|ROTUNDO, LUCA - University Of Urbino|
|AMAGLIANI, GIULIA - University Of Urbino|
|CARLONI, ELISA - University Of Urbino|
|OMICCIOLI, ENRICA - Diatheva Srl|
|MAGNANI, MAURO - University Of Urbino|
Submitted to: International Journal of Food Microbiology
Publication Type: Peer Reviewed Journal
Publication Acceptance Date: 11/9/2018
Publication Date: 11/13/2018
Citation: Rotundo, L., Amagliani, G., Carloni, E., Omiccioli, E., Magnani, M., Paoli, G. 2018. Evaluation of PCR-based methods for the identification of enteroaggregative hemorrhagic escherichia coli in sprouts. International Journal of Food Microbiology. 291:59-64. https://doi.org/10.1016/j.ijfoodmicro.2018.11.011.
Interpretive Summary: Foodborne illness is a serious public health concern in the US and worldwide. Food regulatory agencies and public health agencies routinely monitor foods for the presence of known pathogens and track reportable human illnesses in their efforts to prevent and identify outbreaks of foodborne illness. In 2011, contaminated sprouts were identified as the cause of an outbreak of foodborne illness that sickened nearly 4000 people in Germany and other European countries, resulting in 855 cases of severe kidney disease and 53 deaths. This outbreak was caused by a previously unidentified and particularly virulent type of E. coli. Here we report a rapid, sensitive, and specific DNA-based method for the detection of this deadly pathogen from contaminated sprouts. The described method will be useful for researchers, the food industry, and regulatory agencies to determine the distribution of this new deadly type of E.coli in sprouts and other foods, as well as a for the detection of the pathogen to prevent distribution and consumption of contaminated food.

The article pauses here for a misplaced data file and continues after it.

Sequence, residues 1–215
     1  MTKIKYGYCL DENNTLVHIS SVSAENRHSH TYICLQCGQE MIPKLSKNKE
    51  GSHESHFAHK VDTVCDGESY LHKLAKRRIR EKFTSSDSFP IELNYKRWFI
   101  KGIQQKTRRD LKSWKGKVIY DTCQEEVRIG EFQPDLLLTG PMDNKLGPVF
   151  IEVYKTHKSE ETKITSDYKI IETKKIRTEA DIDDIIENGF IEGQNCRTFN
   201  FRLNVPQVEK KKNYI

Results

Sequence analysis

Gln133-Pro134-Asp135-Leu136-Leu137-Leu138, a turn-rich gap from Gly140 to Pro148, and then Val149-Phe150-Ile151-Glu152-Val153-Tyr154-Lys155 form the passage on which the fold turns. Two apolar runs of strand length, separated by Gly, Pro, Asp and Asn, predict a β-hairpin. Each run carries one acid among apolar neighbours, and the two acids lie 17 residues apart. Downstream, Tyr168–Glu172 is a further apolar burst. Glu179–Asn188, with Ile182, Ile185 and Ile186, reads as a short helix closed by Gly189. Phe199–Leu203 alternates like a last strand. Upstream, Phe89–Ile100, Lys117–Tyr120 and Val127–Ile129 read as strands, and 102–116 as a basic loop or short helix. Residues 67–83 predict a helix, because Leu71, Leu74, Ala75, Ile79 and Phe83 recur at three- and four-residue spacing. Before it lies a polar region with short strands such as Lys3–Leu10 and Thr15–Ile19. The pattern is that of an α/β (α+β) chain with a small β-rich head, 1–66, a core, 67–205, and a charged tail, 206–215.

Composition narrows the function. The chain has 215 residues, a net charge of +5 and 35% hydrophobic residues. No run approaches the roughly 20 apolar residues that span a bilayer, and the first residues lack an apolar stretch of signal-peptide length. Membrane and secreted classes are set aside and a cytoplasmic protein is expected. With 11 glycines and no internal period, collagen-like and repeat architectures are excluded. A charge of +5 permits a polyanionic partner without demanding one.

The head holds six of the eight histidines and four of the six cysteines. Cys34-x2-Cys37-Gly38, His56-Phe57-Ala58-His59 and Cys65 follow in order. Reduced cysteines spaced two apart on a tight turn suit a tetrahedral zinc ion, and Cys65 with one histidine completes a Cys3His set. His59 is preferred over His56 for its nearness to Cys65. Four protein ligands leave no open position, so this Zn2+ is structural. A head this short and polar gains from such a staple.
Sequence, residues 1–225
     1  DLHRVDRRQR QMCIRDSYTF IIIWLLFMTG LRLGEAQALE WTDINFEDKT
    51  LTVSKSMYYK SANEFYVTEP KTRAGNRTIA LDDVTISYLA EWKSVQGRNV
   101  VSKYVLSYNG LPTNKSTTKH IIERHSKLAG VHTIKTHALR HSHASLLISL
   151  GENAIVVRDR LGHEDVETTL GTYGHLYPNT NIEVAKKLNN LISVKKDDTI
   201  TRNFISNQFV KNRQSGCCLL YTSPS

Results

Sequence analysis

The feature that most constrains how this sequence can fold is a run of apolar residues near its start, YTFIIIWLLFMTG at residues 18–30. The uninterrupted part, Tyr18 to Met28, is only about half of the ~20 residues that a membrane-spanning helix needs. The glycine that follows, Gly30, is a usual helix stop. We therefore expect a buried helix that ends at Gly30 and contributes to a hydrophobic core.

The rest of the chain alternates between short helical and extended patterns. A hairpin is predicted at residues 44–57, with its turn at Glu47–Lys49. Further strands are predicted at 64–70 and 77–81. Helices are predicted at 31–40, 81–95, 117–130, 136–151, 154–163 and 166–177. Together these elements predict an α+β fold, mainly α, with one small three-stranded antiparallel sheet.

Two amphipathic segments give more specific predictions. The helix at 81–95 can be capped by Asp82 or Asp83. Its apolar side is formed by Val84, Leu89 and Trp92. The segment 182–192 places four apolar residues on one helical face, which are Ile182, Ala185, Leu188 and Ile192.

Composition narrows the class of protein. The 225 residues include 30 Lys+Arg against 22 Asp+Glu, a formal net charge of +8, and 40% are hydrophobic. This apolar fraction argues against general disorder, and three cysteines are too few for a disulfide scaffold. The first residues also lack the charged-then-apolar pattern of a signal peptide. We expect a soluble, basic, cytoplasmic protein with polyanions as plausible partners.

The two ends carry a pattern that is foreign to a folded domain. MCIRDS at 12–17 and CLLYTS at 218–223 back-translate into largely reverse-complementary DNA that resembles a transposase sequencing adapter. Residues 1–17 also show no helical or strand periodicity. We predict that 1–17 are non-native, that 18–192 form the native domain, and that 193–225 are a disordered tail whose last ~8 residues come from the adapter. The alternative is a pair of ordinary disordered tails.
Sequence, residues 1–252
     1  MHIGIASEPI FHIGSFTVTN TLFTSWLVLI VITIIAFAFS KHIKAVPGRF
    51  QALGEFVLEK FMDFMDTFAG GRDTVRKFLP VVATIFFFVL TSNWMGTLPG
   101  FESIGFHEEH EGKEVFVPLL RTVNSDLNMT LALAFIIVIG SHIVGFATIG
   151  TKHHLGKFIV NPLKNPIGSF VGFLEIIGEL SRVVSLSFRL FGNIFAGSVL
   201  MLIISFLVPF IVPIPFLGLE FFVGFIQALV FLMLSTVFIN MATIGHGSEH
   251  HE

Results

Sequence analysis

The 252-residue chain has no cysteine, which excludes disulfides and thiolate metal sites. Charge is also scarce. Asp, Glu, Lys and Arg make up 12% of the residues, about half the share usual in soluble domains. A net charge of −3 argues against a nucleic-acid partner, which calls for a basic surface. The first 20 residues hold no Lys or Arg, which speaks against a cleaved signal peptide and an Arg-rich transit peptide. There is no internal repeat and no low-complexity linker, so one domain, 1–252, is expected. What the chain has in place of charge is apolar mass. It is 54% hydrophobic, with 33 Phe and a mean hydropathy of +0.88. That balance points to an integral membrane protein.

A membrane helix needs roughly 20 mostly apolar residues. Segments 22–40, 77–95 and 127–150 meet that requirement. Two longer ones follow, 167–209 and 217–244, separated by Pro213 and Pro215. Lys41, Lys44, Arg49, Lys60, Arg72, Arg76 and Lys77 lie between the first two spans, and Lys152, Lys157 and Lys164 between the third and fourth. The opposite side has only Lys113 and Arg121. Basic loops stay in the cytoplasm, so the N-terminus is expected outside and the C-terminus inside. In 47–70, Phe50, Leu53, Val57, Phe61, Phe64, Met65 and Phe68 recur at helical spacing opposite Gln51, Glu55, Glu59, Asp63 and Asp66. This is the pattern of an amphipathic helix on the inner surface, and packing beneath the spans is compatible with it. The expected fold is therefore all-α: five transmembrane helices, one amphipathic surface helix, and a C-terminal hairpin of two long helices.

Technical Abstract: In this study real-time PCR assays were evaluated for the detection of EAHEC O104:H4 in artificially contaminated mung bean and alfalfa sprouts inoculated with 1, 10, and 100 CFU of EAHEC O104:H4 per 25 g sample (20, 10, and 2 replicates respectively). After selective culture enrichment the samples were tested using commercial real-time PCR kits detecting aggR/aaiC, stx/eae, and wzxO104. Using the commercial real-time PCR kits, the artificially contaminated samples were detected in the range of 75-80% positive results when contaminated with approximately 1 CFU, and 100% at 10 and 100 CFU. Microbiological detection employing O104-specific immunomagnetic capture and plating onto chromogenic media (modified Rainbow Agar and CHROMagar STEC) and confirmation by latex agglutination and PCR gave similar results (Cohen’s kappa value between 0.61-1). In addition, the real-time PCR assay targeting the aggR and aaiC genes, indicative of EAggEC, was tested against a panel of 60 bacterial strains and demonstrated 100% exclusivity (54 strains) and 100% inclusivity (6 strains). This study demonstrates the efficacy of the real-time PCR assays for the specific and sensitive detection of EAHEC from spouts.